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The present report addresses HIPERWIND Deliverable 3.2: “Turbine loading and wake model uncertainty”. The following work provides new results to estimate the uncertainty of analytical wake models. Also known as “engineering wake models”, such tools are widely used to predict the production of a wind farm at a given site during the pre-design stage. Their main advantage is a low computational cost, obtained through simplified formulations to describe the behaviour of wakes. Nevertheless, the assumptions considered may lead to limitations. Consequently, such models will be compared in section 2 to medium-fidelity models with Dynamic Wake Meandering (DWM) and high-fidelity models involving Large Eddy Scale (LES) with actuator methods. Wake conditions are not only important for electricity production but also for the load on the turbines, specifically for fatigue loads on blades and towers. The fatigue life of such components may be strongly influenced by the added turbulence, and spatial deviation induced e.g., by yaw misalignment of upwind turbines or meandering. The results of this report are however only limited to the wind conditions seen at different locations within a wind farm which will define the input aerodynamic loading for future reliability-based designs of offshore wind turbines (WT). These results are documented for the two offshore case studies of HIPERWIND: the 2.3 MW WT on a monopile within the Teesside (United Kingdom) wind farm, and the IEA15MW WT on the UMaine semi-submersible floater in the South Brittany site (France). The latest is a modified version of the original design which was proposed by NREL and UMaine [1] [2][3] [4]. For the floating case, a new wake tool has been developed which takes into account the static position of the floater due to constant mean wind forces on the WT. Section 3 presents the main difference in wake predictions (mean wind speed and turbulence) when compared to a fixed case. It is shown that the influence is small and mainly due to the inclination of the floater. Annual Electricity Production (AEP) is computed for both fixed and floating cases. The conclusion is that the main difference is coming from the rotor tilt of a free WT and that the wake modification is negligible. The uncertainty of engineering methodology for wake modelling is investigated in section 4. Firstly, a qualitative comparison to high-fidelity LES simulations is conducted for selected representative configurations of the ambient wind conditions. Differences in wake behaviours are noticed, depending on the atmospheric stability and the static inclined position of the floater. If the engineering approach provides fairly good results in neutral conditions, more discrepancies are observed in stable ones (underestimation of speed deficit). Concerning the inclined position of the floater, the vertical wake deflection seems well predicted, but a wider and stronger wake is observed in LES simulations downstream of the first wind turbine. The turbulence intensity shows also good predictions. A slight and overall overestimation underlines the need for further investigations to improve such models. Secondly, a quantitative estimation of uncertainty has been computed with a Kriging approach, considering Dynamic Wake Meandering models as a reference. Once more, the overall differences for wake deficit remain small, while higher discrepancies are evaluated for turbulence intensities. Furthermore, an important uncertainty is identified when the wind turbine is directly downstream of several others, highlighting the need for improved superposition models. Finally, section 5 is devoted to the uncertainty propagation, from ambient wind conditions to parameters defining the local wind conditions which should be used in a Reliability-Based Design (RBD) of the offshore WT composing a farm. A metric based on Maximum Mean Discrepancy (MMD) is defined to quantify the difference between ambient mean wind speed plus turbulence intensity and the corresponding quantities modified by the wake. The latter quantities are integrated over the rotor, at each WT of the farm. RBD may require huge computational costs which may be intractable in an industrial context. Such costs are due to the cost of a single multiphysics simulation plus the high number of simulations required to sample the low target failure probability in standard (e.g., 1e-4 for the normal safety class in [5]). To alleviate this problem, a clustering strategy is proposed to group the WT into a reduced number of sets, according to the similarity in the local wind uncertainty metric. A demonstration is given for the Teesside case study with only 5 clusters so that only 5 WT of the farms provide an RBD analysis for the whole set of WT.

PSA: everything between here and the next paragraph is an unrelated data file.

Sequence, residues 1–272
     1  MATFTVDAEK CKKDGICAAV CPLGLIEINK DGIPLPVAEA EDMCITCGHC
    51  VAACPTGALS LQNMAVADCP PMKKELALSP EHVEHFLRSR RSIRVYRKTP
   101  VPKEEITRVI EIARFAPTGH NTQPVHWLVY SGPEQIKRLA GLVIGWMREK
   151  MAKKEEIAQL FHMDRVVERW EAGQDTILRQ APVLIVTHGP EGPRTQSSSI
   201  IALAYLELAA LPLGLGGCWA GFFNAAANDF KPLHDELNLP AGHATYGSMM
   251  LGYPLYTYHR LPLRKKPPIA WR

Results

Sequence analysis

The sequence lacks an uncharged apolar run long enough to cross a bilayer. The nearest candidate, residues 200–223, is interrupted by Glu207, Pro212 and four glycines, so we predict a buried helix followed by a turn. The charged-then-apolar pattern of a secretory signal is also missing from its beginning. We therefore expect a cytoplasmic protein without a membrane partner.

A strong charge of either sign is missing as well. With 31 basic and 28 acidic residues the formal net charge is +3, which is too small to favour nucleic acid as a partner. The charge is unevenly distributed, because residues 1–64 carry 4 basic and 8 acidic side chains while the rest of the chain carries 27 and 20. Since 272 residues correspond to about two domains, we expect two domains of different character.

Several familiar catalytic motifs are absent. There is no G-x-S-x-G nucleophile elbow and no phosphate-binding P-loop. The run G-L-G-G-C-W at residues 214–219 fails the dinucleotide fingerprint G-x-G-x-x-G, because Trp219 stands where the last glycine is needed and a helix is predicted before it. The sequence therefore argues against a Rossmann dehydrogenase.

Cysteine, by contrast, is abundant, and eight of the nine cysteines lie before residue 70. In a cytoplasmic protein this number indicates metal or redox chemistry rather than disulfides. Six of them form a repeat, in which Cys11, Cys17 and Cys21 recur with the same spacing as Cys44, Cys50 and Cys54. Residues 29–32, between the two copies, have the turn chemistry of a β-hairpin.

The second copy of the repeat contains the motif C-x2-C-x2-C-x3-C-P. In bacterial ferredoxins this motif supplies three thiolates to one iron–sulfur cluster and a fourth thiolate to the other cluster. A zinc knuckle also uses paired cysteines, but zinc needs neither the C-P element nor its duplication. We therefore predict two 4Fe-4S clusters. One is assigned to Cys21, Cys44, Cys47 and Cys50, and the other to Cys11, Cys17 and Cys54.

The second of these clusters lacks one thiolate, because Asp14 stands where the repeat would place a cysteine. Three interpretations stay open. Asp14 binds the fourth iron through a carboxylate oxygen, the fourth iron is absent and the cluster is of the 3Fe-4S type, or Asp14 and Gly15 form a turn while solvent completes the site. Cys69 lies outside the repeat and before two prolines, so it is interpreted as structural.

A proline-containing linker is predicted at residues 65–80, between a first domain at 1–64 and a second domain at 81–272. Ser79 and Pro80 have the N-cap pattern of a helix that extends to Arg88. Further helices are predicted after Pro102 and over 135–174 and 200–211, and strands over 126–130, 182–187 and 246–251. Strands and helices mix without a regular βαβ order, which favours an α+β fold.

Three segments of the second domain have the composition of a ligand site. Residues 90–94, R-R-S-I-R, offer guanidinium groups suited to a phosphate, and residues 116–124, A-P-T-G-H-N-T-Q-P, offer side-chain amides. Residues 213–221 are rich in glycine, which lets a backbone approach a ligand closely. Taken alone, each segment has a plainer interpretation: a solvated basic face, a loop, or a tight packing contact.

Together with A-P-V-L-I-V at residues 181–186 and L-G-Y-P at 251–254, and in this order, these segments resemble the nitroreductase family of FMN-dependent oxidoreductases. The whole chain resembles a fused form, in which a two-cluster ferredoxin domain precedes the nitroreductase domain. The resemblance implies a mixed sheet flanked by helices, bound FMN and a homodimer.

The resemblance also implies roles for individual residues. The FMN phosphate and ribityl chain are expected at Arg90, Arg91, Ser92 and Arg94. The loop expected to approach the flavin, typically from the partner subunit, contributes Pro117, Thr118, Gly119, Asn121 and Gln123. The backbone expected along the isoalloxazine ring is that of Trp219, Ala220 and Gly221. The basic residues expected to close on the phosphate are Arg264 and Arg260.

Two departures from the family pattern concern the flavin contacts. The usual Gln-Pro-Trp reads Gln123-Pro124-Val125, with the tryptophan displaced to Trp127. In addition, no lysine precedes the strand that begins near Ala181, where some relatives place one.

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Dates and versions

hal-04096504 , version 1 (12-05-2023)


  • HAL Id : hal-04096504 , version 1


Emmanuel Ardillon, M. Bakhoday Paskyabi, Alexis Cousin, N. Dimitrov, Marine Dupoiron, et al.. Turbine loading and wake model uncertainty: Deliverable n° D3-2. D3-2, European Union. 2023, pp.145. ⟨hal-04096504⟩